Wednesday, December 09, 2009

Full-Throttle Schools

Schools are for functional kids. For the non-functional, other approaches must be tried.

Functional kids are like functional cars: they run, they get on the road, and they negotiate the terrain of life. They may not all run with the same speed or energy efficiency, but they run. This is analogous to the students who are preparing to become adult citizens. Like the cars in the analogy, they are being equipped to meet fundamental standards: they must know how to read, write, do basic math, engage in critical thinking, have an awareness of science and the environment, and of our history and civic institutions. How well they can do beyond these basic standards is analogous to whether a car can meet new and rigorous environmental and safety standards. Some may, others may not. But they all have a right to be on the road.

Just as car manufacturers want to improve the quality and efficiency of their products, so educators want to improve the quality of their students' educations. So they set certain standards, hoping to gradually improve the quality of learning as time goes on.

But this is where the analogy breaks down. Because students are living, conscious beings. Unlike cars, they must be allowed to fail. If school is like life -- if life is a school -- failure teaches lessons that can ultimately make the person stronger. But there are two types of failure -- a failure that derives from lack of teaching ability or lack of concern on the part of the teacher or lack of resources on the part of the institution, and failure that comes as the knowing consequence of the student's own behavior. If a child is not ready, or willing, to apply him or herself, of if his home environment is so difficult as to preclude his being successful in learning, this is not the fault of the institution. And it will be unavoidable in some cases. These students will have to learn from these setbacks in their own way and under their own power. Can a school substitute for a loving home? Sometimes, and sometimes not.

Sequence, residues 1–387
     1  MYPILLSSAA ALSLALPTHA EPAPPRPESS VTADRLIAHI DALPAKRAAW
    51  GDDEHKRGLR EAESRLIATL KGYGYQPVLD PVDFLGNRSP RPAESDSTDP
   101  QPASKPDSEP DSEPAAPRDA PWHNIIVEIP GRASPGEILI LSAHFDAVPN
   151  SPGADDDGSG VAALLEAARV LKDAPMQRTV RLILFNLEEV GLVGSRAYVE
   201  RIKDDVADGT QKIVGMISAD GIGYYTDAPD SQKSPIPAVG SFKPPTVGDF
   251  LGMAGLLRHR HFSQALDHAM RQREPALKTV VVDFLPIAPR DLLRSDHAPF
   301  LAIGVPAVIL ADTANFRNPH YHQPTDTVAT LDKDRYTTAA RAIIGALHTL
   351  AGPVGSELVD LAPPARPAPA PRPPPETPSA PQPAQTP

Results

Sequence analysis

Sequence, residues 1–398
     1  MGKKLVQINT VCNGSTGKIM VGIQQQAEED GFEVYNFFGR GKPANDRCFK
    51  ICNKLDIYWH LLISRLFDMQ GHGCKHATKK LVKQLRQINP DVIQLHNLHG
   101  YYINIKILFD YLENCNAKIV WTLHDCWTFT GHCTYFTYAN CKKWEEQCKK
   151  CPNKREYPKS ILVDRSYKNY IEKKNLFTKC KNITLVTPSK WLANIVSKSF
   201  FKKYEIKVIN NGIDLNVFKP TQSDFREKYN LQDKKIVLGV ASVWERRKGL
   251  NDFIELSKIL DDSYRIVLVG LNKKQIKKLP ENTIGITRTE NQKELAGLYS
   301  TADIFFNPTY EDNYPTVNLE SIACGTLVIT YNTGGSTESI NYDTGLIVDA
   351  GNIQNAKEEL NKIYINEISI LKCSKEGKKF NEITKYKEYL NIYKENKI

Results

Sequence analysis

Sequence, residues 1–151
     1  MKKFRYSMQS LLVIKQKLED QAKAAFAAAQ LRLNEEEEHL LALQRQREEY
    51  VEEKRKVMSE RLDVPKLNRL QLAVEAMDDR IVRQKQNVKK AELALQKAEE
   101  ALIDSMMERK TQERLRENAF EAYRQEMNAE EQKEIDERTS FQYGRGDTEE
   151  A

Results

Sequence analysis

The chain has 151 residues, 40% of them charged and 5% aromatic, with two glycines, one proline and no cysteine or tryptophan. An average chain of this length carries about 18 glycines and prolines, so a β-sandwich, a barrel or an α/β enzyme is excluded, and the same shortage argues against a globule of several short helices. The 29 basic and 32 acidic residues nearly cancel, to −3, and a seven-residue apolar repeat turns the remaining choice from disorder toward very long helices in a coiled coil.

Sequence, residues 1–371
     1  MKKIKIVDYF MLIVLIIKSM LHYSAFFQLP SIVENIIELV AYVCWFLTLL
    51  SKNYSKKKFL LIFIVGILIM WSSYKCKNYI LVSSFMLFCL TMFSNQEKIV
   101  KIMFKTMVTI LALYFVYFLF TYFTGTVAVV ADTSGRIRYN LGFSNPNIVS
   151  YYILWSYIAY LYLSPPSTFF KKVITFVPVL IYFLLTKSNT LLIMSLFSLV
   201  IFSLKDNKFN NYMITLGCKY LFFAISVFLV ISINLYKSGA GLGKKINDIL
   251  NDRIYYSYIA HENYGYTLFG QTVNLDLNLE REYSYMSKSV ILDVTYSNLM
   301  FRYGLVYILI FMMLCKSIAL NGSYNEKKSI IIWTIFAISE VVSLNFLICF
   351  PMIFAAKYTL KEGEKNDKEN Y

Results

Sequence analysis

So because schools are not the same as factories, and students are not the same as cars, educators must be prepared to realize that some students will not succeed and must be allowed to fail. Not easily, not without the greatest effort to stop failure from happening. But with the knowledge that if there is a benchmark for success, it must take this reality into account.

An educational benchmark can't be 100% success -- 100% on or above grade level -- because this means one of two things: if the benchmark is set too low, achieving it will not challenge most students and the institution will be failing in its mission. If tests and standards are dumbed down to allow everyone to pass, the school will be failing the student who needs the edge of difficulty to hone their skills and stimulate their intellect. If the benchmark is set too high, pressure on teachers and students becomes unbearable, and ways have to be found to expel the poorly performing students, while teachers will face discipline which is unfair and punitive. Punitively high standards will create a permanent underclass, as those who fail will be marginalized.

If the benchmark is set to an appropriate level of difficulty, the demand that both students and teachers meet unrealistic goals will not have to be satisified. Occasional failure will be accepted from a relatively small group of students -- failure that does not mean ostracism, but that means acceptance and understanding. These metaphorical cars may not meet the toughest standards, but they can still be permitted to ride the highways of this land and find their own destiny.